• 74. Rail Europe Experience Map Outside-in Guiding Principles Customer Journey STAGES Research & Planning RAIL EUROPE Shopping Enter trips Research destinations, routes and products Destination pages Review fares Select pass(es) Confirm itinerary Post-Booking, Pre-Travel Delivery options Payment options Review & confirm Change plans Map itinerary (finding pass) Print e-tickets at home Web FEELING Check ticket status Google searches • What is the easiest way to get around Europe? • Where do I want to go? • How much time should I/we spend in each place for site seeing and activities? • I’m excited to go to Europe! • Will I be able to see everything I can? • What if I can’t afford this? • I don’t want to make the wrong choice. E-ticket Print at Station View maps Paper tickets arrive in mail Look up timetables Research hotels • I want to get the best price, but I’m willing to pay a little more for first class. • How much will my whole trip cost me? What are my trade-offs? • Are there other activities I can add to my plan? • It’s hard to trust Trip Advisor. Everyone is so negative. • Keeping track of all the different products is confusing. • Am I sure this is the trip I want to take? Follow-up on refunds for booking changes Share photos Get stamp for refund Web Share experience (reviews) Buy additional tickets Kayak, compare airfare Blogs & Travel sites Share experience Activities, unexpected changes May call if difficulties occur Talk with friends Post Travel Live chat for questions DOING THINKING Travel Wait for paper tickets to arrive Look up time tables raileurope.com Plan with interactive map Booking • Do I have everything I need? • Rail Europe website was easy and friendly, but • Do I have all the tickets, passes and reservations I need in this booking so I don’t pay more shipping? • Rail Europe is not answering the phone. How else can I get my question answered? web/ apps Arrange travel Plan/ confirm activities Request refunds • I just figured we could grab a train but there are • Trying to return ticket I was not able to use. Not when an issue came up, I couldn’t get help. • What will I do if my tickets don’t arrive in time? • Stressed that I’m about to leave the country • Website experience is easy and friendly! • Frustrated to not know sooner about which not more trains. What can we do now? • Am I on the right train? If not, what next? • I want to make more travel plans. How do I do that? • I am feeling vulnerable to be in an unknown place in • Excited to share my vacation story with • Stressed that the train won’t arrive on time for my • A bit annoyed to be dealing with ticket refund and Rail Europe won’t answer the phone. • Frustrated that Rail Europe won’t ship tickets to Europe. • Happy to receive my tickets in the mail! tickets are eTickets and which are paper tickets. Not sure my tickets will arrive in time. sure if I’ll get a refund or not. • People are going to love these photos! • Next time, we will explore routes and availability more carefully. the middle of the night. my friends. connection. • Meeting people who want to show us around is fun, serendipitous, and special. issues when I just got home. Enjoyability Enjoyability Enjoyability Enjoyability Enjoyability Enjoyability Relevance of Rail Europe Relevance of Rail Europe Relevance of Rail Europe Relevance of Rail Europe Relevance of Rail Europe Relevance of Rail Europe Helpfulness of Rail Europe EXPERIENCE Mail tickets for refund Helpfulness of Rail Europe Helpfulness of Rail Europe Helpfulness of Rail Europe Helpfulness of Rail Europe Helpfulness of Rail Europe Opportunities GLOBAL PLANNING, SHOPPING, BOOKING POST-BOOK, TRAVEL, POST-TRAVEL Communicate a clear value proposition. Help people get the help they need. Support people in creating their own solutions. Enable people to plan over time. Visualize the trip for planning and booking. Arm customers with information for making decisions. Improve the paper ticket experience. Accommodate planning and booking in Europe too. STAGE: Initial visit STAGES: Global STAGES: Global STAGES: Planning, Shopping STAGES: Planning, Shopping STAGES: Shopping, Booking STAGES: Post-Booking, Travel, Post-Travel STAGE: Traveling Make your customers into better, more savvy travelers. Engage in social media with explicit purposes. Connect planning, shopping and booking on the web. Aggregate shipping with a reasonable timeline. Proactively help people deal with change. Communicate status clearly at all times. STAGES: Global STAGES: Global STAGES: Planning, Shopping, Booking STAGE: Booking STAGES: Post-Booking, Traveling STAGES: Post-Booking, Post Travel Information sources Stakeholder interviews Cognitive walkthroughs Customer Experience Survey Existing Rail Europe Documentation Ongoing, non-linear Linear process Non-linear, but time based Experience Map for Rail Europe | August 2011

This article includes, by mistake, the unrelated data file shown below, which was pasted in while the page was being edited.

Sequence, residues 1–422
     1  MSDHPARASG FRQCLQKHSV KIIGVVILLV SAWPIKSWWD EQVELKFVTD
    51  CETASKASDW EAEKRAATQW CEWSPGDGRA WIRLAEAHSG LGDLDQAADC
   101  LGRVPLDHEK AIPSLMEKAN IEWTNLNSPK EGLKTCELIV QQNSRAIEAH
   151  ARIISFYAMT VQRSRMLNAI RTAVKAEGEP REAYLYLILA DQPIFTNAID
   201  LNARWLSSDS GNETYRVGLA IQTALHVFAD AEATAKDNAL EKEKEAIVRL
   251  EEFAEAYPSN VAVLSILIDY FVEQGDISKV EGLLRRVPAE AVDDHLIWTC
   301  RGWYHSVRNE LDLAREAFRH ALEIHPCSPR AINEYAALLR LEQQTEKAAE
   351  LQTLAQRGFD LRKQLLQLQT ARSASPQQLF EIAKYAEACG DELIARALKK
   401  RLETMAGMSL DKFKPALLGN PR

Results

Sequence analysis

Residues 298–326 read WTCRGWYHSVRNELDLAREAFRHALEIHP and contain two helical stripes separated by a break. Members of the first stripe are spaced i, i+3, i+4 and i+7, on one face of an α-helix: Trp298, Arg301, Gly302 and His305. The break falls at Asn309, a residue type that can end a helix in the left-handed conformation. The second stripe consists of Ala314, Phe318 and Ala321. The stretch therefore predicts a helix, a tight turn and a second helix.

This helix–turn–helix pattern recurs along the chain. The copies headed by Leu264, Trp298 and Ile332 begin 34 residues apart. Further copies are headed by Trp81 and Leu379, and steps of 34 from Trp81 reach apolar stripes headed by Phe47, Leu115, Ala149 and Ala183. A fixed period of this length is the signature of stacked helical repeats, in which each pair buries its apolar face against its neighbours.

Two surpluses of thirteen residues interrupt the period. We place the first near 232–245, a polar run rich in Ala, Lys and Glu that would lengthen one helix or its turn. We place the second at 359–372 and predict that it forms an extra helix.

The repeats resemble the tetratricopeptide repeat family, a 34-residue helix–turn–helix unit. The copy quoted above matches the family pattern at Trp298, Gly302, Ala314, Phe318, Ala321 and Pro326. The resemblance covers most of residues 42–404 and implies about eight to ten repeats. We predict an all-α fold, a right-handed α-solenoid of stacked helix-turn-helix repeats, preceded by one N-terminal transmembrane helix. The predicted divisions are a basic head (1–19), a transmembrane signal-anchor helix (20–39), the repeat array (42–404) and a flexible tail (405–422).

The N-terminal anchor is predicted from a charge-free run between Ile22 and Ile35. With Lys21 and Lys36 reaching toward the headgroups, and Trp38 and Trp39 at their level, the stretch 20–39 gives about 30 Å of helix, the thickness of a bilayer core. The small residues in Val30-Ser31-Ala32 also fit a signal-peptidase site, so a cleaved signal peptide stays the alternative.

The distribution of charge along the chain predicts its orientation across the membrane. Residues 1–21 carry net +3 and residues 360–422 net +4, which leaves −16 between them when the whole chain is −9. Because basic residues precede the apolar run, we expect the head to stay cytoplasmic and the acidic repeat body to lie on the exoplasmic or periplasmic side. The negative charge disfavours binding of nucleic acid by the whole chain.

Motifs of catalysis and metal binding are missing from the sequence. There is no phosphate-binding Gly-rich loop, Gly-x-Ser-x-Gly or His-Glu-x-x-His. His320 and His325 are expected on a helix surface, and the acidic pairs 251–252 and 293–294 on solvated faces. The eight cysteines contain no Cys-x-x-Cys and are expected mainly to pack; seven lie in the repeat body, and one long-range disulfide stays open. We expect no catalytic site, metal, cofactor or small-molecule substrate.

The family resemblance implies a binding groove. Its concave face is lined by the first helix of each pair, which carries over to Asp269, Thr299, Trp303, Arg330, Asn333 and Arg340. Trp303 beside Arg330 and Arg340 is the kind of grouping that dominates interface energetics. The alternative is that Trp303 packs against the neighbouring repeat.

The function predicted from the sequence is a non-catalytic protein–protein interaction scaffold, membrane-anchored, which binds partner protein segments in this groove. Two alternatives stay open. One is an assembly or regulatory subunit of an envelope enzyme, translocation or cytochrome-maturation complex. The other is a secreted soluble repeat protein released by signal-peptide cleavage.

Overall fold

• 75. Our challenge